This year, NFL teams get to sink their teeth into one of the best drafts for defensive backs in recent history.
The level of talent is so deep that elite-class prospects will be found in nearly every round, a notion that secondary-hungry franchises will be very pleased with.
This upcoming season brings with it a unique need for elite defensive backs, as the league's quarterback landscape is changing dramatically. Topics like Peyton Manning to Denver, the continued rise of Aaron Rodgers and Tom Brady's mere existence demand opposing teams to have All-Pro secondaries.
The same can be said about new quarterbacks such as Stanford's Andrew Luck, Baylor's Robert Griffin III and Texas A&M's Ryan Tannehill, who prepare themselves to go in the first 10 picks and take their elite skills with them to their new NFL teams.
The opponents of whichever teams these players land on will surely require quality defensive backs if they wish to withstand the offensive onslaught that is sure to occur.
Thankfully, this draft will provide any and all with the secondary weapons they will need.
Harrison Smith is a very athletic, read-and-react free safety who shows considerable skill against both the pass and the run.
Smith has a reputation for easily reading and anticipating where the ball will be thrown and possesses the athletic ability to move across the field to make plays, both in the air and on the ground.
Though he isn't known to be the big-time hitter, he is consistent with his drag-down tackling style and rarely fails to make the play. Smith shows similar consistency when covering passes that are still in the air, and has gained a reputation for being able to pull off the big interception when needed the most.
Smith's drawbacks lie in his weak man coverage where his fluidity plays against him, as he is often beaten by more explosive and agile players. His weakness in man coverage also reveals weaknesses in his footwork and his dependency on pure athletic ability.
To become the complete package at the NFL level, Smith is going to have to polish his game and put some serious work into his man coverage.
Dre Kirkpatrick is an interesting prospect due to the talk surrounding him about a possible move to safety, as noted by Joseph Person in the Charlotte Observer. Talks about the potential switch began after speculation concerning his physicality and overall strength surfaced.
These concerns don't come out of nowhere, however. Kirkpatrick is small and underweight for the position and showed some weakness while defending against the more physical receivers he faced in college. These factors could be negated if he were to make the switch to safety.
Setting these issues aside, Kirkpatrick possesses body control and footwork that is uncommon in athletes his height. His supreme athleticism and speed allow him to excel in zone schemes while also leading people to believe that he could be a solid man cover back if needed.
Kirkpatrick's issues will weigh heavily on his performance in the league. He will be under constant pressure to abandon the cornerback position until he either does in fact become a safety, or proves that he can defy the odds and be a physical NFL cornerback.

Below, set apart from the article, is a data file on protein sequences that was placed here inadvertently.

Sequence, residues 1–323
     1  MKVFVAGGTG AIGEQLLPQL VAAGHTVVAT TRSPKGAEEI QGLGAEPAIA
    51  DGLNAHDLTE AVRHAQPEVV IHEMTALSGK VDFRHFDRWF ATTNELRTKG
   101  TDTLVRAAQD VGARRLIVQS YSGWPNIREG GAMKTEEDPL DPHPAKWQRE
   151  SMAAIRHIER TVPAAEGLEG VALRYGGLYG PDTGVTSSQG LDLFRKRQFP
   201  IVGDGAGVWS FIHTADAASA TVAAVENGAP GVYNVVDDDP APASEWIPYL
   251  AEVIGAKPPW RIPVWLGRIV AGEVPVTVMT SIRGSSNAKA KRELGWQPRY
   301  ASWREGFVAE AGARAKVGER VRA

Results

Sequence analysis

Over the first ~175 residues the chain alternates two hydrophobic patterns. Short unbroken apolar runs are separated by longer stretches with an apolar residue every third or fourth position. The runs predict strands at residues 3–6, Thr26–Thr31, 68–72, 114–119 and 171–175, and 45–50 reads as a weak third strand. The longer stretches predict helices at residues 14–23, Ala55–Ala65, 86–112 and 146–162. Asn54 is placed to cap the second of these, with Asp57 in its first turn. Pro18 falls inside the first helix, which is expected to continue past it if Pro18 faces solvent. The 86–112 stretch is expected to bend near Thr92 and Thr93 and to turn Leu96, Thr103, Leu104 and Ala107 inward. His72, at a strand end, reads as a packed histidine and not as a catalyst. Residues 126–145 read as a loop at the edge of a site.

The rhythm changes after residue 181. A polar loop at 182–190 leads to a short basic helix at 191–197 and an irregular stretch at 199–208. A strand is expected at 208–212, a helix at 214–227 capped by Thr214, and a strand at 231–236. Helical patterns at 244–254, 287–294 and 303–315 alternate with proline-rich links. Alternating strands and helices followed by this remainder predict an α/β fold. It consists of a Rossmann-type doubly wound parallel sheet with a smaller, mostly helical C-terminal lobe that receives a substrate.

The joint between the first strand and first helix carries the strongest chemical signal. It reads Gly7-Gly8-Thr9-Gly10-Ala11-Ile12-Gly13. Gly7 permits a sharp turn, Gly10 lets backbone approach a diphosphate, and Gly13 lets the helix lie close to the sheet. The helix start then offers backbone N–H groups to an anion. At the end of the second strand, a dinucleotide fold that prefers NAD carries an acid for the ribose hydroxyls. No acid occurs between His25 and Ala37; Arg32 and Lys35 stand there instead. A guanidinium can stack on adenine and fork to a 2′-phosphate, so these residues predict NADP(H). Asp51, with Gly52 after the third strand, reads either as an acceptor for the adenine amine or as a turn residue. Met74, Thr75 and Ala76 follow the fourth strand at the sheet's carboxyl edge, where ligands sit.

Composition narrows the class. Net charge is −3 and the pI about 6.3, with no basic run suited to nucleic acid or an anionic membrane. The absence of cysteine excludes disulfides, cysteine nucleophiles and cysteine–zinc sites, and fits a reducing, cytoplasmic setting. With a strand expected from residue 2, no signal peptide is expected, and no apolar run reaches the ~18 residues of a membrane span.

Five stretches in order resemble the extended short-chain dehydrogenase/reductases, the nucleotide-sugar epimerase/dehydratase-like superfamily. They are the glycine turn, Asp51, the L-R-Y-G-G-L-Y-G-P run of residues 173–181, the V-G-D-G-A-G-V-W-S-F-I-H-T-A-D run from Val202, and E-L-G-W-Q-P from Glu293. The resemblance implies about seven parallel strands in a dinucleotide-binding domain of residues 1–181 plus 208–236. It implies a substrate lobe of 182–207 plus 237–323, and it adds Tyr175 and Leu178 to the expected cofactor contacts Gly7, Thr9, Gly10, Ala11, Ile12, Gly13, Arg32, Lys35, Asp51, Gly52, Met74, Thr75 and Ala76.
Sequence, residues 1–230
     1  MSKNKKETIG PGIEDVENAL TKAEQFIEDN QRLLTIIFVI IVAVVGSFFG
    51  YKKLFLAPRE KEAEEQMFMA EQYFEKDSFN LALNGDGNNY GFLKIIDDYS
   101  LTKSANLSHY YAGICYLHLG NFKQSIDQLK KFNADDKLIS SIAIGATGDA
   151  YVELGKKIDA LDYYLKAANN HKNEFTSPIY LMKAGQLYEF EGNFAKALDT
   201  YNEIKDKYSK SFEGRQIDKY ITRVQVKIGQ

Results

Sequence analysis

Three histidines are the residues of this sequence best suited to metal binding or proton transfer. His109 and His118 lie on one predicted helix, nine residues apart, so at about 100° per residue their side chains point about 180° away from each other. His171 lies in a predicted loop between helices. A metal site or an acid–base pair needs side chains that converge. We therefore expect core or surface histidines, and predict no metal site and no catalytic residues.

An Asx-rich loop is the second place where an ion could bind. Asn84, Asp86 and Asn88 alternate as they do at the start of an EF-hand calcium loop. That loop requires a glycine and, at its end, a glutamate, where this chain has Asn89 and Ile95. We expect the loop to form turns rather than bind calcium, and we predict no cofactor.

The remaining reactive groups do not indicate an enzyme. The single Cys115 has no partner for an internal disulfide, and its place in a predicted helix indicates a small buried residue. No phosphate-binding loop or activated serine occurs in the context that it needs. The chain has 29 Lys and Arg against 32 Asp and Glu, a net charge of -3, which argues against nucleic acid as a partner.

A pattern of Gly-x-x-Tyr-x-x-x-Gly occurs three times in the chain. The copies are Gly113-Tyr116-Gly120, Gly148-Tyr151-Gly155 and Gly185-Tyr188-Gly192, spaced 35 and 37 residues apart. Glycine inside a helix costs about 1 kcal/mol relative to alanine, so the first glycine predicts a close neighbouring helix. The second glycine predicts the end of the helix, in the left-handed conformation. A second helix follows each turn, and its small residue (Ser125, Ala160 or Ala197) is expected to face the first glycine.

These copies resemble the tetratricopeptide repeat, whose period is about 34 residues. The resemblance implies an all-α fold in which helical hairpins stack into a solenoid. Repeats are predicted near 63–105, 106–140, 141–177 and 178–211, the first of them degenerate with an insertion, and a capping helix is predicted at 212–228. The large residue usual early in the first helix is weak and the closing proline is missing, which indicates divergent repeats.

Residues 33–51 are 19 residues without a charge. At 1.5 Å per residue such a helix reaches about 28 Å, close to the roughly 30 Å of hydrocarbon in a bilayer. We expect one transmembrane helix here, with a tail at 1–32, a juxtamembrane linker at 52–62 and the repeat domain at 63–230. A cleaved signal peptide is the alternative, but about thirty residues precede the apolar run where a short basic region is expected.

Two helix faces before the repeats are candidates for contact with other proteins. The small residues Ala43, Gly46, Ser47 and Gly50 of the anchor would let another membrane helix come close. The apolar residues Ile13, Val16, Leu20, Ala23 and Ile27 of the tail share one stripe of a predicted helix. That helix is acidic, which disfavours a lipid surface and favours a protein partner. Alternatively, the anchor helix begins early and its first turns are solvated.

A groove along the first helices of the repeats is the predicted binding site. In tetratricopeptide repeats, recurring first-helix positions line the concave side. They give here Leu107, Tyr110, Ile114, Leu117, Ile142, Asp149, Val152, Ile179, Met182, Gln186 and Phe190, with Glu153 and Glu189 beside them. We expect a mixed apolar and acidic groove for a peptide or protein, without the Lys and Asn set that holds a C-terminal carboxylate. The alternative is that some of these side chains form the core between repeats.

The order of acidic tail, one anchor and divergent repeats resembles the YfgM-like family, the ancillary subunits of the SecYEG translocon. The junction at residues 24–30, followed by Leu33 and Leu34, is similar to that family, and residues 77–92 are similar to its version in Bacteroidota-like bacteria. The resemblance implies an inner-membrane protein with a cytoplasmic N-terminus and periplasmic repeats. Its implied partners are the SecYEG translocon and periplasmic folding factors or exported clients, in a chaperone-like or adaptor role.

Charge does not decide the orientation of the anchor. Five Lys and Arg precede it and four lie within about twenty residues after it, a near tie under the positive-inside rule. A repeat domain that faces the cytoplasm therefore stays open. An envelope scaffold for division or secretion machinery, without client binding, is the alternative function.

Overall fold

Stephon Gilmore strives on impressive footwork, size and strength, all of which play heavily into his natural ability in man coverage.
Gilmore shows talent at the line of scrimmage where he easily mirrors, jams and cuts off receivers in their routes, and he regularly puts himself in the best position to make plays shortly after leaving the line.
However, he tends to have trouble with zone and any type of play where he is tasked with a strict duty that does not allow him to play freely and off instinct. Gilmore will also have to become more technically sound and less reliant on his natural ability if he is to make it in the NFL.
He does possess all the makings of a Pro Bowl cornerback, but he needs to polish and improve before making the trip to Hawaii.
It is said that Mark Barron is already very close to playing like a pro. He impressed the combine staff with his professional demeanor towards everything from his interviews to how he warmed up and carried himself around the facilities.
Barron possesses very sound footwork and is a very strong and consistent tackler, a skill that is priceless in today's NFL. Adding to this, Barron succeeds where others fail and shows a firm understanding of both zone- and man-coverage schemes.
Known to read and react quickly to both running and passing plays, Barron is in the action on nearly every down he's on the field.
His only drawbacks are that he tends to be sluggish while transitioning and tends to throw himself into ball-carriers, a practice that is heavily frowned upon by Commissioner Roger Goodell.
Other than that, Barron is an NFL-ready player who has a very bright and fulfilling career ahead of him.
Claiborne topping this list should come as no surprise. As the most recent recipient of the Jim Thorpe Award, this young man has already established that he is the best defensive back in the country.
He is strong off the line and is known to be very good at jamming receivers right off the snap. His line play is followed up by superb speed, explosiveness and athleticism that allows him to easily out-play the majority of wide receivers he faced in college, and will prove to be a huge challenge to the receivers he will face in the NFL.
In total, Claiborne is easily the most polished corner to enter the draft in a long time.
The only thing he needs to work on is keeping his pads low. He has a tendency to pop up during various stages of plays, and it kills his explosiveness. Other than that, Claiborne is good to go.
1. Alfonzo Dennard - CB Nebraska
2. Jayron Hosley - CB Virginia Tech
3. George Iloka- FS Boise St.
4. Trumaine Johnson - CB Montana
5. Jamell Fleming - CB Oklahoma